Others have shown massage to be helpful. Manual therapies in general are gaining in credibility and you can now see an osteopath on the NHS.
Belavy’s research suggested that most popular treatments have little impact unless combined with exercise, and Nice guidelines recommend manual therapies alongside physical activity as a treatment option for lower back pain.
Dig in the garden
Nils Niederstrasser, a senior lecturer in the department of psychology, and his team at the University of Portsmouth recently reviewed data from 5,802 people aged 50 or older over ten years and reported that activities such as digging the garden can strengthen back and core muscles and lower the risk of developing back pain in the long term. However, you do need to do this high-effort work regularly for benefits. “At least once a week you need to do an activity that is vigorous enough to leave you sweating and digging the garden with a spade counts,” Niederstrasser says.
Walk daily for analgesic benefits
Like other aerobic activity, walking stimulates the brain into releasing serotonin and endorphins, neurotransmitter chemicals that make you feel better even when you have finished. One study of more than 5,000 adults over the age of 50, some of whom had experienced back pain for a month or more, found that those who walked for up to an hour at least three times a week were less likely to have low back pain. “Walking is one of the best things you can do for back health,” Chew says.
Gadgets might bring relief
Although the market for back pain aids is huge, few gadgets have been shown to make a significant difference in the long term. But Chew says that we shouldn’t discount them because some might bring short-term relief. “People might take a painkiller to help them through the day and recognise it helps but is not a cure for back pain,” Chew says. “The same is true of gadgets from massage guns to foam rollers and muscle taping to heat pads, which essentially administer pleasant feelings and some transient relief but won’t prevent pain from recurring.”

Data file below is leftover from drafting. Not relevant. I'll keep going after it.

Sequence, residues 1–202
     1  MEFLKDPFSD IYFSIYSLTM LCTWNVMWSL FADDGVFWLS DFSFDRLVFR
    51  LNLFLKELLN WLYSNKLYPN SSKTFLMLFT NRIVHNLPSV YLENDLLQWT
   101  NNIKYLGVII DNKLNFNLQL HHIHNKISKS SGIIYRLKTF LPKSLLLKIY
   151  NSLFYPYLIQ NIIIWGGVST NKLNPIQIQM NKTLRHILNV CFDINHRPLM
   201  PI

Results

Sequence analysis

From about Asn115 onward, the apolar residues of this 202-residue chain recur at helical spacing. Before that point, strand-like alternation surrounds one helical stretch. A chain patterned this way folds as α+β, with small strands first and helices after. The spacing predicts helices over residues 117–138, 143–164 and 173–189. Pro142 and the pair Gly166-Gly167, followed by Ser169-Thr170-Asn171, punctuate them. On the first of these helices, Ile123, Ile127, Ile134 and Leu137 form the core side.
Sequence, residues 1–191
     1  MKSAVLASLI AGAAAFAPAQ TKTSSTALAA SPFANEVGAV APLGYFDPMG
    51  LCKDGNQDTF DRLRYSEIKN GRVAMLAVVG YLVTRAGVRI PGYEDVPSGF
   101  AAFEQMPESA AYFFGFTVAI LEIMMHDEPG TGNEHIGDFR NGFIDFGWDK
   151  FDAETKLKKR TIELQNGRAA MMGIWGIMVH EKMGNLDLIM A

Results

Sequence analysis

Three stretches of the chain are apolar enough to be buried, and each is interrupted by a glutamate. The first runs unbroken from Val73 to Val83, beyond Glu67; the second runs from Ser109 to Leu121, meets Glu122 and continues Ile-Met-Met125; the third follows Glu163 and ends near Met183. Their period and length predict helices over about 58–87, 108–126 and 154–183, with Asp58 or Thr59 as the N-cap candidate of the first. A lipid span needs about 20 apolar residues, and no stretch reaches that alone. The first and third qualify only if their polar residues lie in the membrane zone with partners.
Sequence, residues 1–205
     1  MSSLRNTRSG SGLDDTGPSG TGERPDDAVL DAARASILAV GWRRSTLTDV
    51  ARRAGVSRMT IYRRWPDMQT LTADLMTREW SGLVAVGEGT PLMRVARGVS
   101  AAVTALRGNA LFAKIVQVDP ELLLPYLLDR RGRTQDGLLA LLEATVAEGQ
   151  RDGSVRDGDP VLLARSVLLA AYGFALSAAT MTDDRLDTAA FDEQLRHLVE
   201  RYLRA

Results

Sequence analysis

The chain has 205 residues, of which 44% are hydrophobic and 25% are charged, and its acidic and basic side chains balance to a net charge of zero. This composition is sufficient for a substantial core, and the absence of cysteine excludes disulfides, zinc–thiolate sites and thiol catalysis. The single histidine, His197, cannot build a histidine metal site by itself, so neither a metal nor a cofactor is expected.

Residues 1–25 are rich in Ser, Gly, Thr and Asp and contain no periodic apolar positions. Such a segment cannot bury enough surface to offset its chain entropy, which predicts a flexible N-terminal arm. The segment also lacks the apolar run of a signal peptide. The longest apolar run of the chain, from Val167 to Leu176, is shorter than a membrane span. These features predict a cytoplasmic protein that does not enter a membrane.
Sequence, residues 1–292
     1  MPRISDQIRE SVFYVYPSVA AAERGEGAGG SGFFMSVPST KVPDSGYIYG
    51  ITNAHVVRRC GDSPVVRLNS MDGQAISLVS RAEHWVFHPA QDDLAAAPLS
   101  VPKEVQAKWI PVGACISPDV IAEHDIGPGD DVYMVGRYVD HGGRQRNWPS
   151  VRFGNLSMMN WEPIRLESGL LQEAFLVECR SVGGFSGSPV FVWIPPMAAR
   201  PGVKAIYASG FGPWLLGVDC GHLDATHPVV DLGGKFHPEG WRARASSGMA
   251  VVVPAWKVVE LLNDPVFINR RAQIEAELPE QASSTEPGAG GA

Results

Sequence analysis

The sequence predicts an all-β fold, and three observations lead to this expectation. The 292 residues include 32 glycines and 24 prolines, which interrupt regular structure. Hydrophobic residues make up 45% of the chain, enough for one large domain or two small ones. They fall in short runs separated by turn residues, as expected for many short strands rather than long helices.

Try yoga and meditation
For some people a daily yoga and meditation combo is more effective at easing back pain than taking over-the-counter painkillers. In one study published in the Journal of the American Medical Association a group with long-term back pain were assigned an eight- week course of yoga and mindfulness meditation, a CBT talking therapy or to stick with their usual approach and take ibuprofen for pain. Results showed that 47 per cent of those in the yoga and mindfulness group said their back pain had improved; a similar number (52 per cent) reported improvements with CBT, with both proving more effective than painkillers. A year later 68 per cent of the group who continued with their yoga practice, and 59 per cent of the CBT group, had less back-related disability. “The effects seem to get stronger,” the researchers said.